Spending

Half of poorest countries cut health spending despite Covid, says Oxfam | Inequality

Many of the world’s poorest countries have cut health spending in the past two years, sometimes to pay off debts to wealthy creditors, according to an Oxfam report that shows inequalities between rich and poor have worsened during the coronavirus pandemic.

Analysis of national budgets from 161 countries found that despite the biggest global health emergency in a century, half of low- and lower-middle-income countries cut health spending, while nearly half cut budgets and nearly three-quarters have cut back on education spending.

Oxfam said the 2022 Commitment to Reducing Inequality Index found that wealthy countries including the UK ‘have exacerbated an explosion of economic inequality’ by overseeing lenders’ demands for huge loan repayments. debts as the pandemic ravaged annual spending plans.

As finance ministers gather in Washington this week for the annual meetings of the International Monetary Fund (IMF) and the World Bank, Oxfam said developing countries face “a global economy that is increasingly making difficult to meet the needs of their population”.

The charity accused the IMF of exacerbating economic inequality and poverty in poor countries by insisting on new austerity measures to reduce debts and budget deficits.

Oxfam and Development Finance International said analysis of IMF data showed that three-quarters of all countries planned further cuts in public spending over the next five years, totaling $7.8 billion ( £7 billion).

In the fourth edition of the index, Oxfam ranked governments on their commitment to reducing inequality. Areas covered include public services and social protection, taxation and workers’ rights. Policy commitments are also subject to scrutiny to test their implementation and impact on inequality.

Liz Truss’ administration was also embarking on spending that would increase inequality in the UK with tax cuts that benefited the wealthiest households, according to Oxfam.

Katy Chakrabortty, Policy Officer at Oxfam, said: “The Index shows how governments around the world are not only succeeding in reducing growing inequality, but many are also deliberately choosing policies that will profoundly disadvantage the poorest for years to come. coming.

“Here in the UK, if the proposed cuts in real terms to health, education and social safety nets are implemented, we will fall even further behind other rich countries in the fight against inequality. The impact on families already struggling to make ends meet will be horrific.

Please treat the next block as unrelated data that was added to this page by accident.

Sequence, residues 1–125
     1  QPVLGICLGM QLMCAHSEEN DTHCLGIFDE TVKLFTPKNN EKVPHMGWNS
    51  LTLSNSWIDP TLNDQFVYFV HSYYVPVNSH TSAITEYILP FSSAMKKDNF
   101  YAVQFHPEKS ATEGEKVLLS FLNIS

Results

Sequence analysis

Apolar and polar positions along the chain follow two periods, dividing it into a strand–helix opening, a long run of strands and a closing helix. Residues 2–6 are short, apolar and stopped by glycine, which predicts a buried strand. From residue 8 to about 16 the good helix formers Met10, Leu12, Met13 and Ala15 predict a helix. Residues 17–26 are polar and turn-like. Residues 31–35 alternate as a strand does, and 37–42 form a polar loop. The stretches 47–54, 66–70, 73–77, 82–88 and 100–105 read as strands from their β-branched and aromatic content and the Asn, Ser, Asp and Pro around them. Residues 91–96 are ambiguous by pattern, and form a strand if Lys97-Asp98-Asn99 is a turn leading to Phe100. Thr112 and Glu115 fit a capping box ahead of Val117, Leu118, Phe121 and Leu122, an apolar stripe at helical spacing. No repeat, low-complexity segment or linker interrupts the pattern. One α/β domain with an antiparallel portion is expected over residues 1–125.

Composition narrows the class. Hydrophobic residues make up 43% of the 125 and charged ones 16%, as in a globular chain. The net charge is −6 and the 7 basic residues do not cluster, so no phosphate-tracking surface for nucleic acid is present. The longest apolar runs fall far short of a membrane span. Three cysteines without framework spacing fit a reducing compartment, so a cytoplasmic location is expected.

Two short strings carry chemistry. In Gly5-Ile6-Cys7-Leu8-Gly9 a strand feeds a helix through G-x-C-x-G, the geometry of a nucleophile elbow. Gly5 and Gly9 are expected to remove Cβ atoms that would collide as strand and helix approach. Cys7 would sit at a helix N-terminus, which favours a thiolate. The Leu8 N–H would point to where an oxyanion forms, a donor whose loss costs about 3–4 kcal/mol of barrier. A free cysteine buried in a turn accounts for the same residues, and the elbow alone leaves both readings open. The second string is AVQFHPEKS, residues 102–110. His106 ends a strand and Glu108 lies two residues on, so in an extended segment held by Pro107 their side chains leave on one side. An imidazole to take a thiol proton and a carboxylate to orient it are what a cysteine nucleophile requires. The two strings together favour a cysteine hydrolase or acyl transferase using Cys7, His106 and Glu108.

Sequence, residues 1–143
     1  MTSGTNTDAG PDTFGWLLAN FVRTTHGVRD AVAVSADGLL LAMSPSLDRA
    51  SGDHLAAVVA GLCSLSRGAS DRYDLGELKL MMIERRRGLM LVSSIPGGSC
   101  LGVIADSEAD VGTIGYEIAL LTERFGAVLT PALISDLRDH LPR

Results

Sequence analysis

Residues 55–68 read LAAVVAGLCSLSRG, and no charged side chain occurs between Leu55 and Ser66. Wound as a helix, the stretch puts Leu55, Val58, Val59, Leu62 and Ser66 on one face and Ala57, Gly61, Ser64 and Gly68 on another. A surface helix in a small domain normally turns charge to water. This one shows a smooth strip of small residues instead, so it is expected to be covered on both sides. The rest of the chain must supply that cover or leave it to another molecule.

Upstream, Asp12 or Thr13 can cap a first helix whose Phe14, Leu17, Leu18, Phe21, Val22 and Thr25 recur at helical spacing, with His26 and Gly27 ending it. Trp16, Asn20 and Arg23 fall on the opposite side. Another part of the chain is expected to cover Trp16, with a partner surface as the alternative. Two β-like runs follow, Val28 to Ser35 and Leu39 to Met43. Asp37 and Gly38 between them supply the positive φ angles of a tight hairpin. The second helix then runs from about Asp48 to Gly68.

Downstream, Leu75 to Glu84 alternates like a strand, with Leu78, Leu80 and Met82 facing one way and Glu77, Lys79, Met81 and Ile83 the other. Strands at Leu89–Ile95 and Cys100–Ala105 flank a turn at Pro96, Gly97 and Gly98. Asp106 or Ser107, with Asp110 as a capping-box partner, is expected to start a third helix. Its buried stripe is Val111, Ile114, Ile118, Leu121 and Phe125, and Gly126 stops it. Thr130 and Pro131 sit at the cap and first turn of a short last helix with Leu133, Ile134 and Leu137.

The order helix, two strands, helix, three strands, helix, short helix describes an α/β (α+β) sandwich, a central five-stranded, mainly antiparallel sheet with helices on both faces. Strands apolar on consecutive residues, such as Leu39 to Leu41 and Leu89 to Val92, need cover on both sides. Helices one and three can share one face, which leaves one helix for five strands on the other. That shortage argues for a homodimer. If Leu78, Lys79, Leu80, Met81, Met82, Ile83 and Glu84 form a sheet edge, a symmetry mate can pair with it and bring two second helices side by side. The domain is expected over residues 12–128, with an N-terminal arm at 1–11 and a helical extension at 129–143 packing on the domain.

The report says that in 2021, low-income countries spent 27.5% of their budget to pay off their debts – “twice the amount they spent on their education, four times that on health and almost 12 times that of social protection”.

China and other non-Paris Club lenders of institutions that have historically dominated lending to developing countries are playing an increasingly important role in loan financing.

However, banks based in the US, UK, France, Germany and Switzerland are also the beneficiaries of debt repayments that have crippled the finances of developing countries.

The UK ranked 14th in the 2022 index, up eight places from the previous analysis in 2020.

Oxfam said the increase could be attributed to compliance with new Organization for Economic Co-operation and Development (OECD) rules on corporate tax avoidance.

“Despite improving its position, the UK fell in the rankings for public services, labor rights and progressive tax,” the report said.

“UK spending on social care and education is now below the OECD average and the corporate tax rate is the third lowest in the OECD, with tax collection also below the OECD average,” he added.

Among the countries that have underperformed this year is France, which fell 10 places in the index after cutting corporate tax rates and scrapping its wealth tax.

Other countries that lowered the index include Jordan, which cut its budget share for health spending by a fifth. Nigeria froze its minimum wage and the United States failed to improve a federal minimum wage from 2009, according to the report.

Nepal was among a handful of poorer countries to increase health spending as a share of its budget, in its case by 50%. Costa Rica increased its top income tax by 10% and New Zealand by 6%. The Occupied Palestinian Territory increased its social spending from 37% to 47% of its budget.

Barbados introduced a comprehensive set of laws to improve women’s labor rights, and the Maldives introduced its first national minimum wage, according to the report.

Matthew Martin, Director of DFI, said: “The debate has shifted catastrophically from how we deal with the economic fallout from Covid-19 to how we reduce debt through savage public spending cuts and public spending freezes. wages. With the help of the IMF, the world is sleepwalking into measures that will further increase inequality.

“For every dollar spent on health, developing countries repay four dollars of debt to wealthy creditors. Comprehensive debt relief and higher taxes for the wealthy are essential for them to significantly reduce inequality.”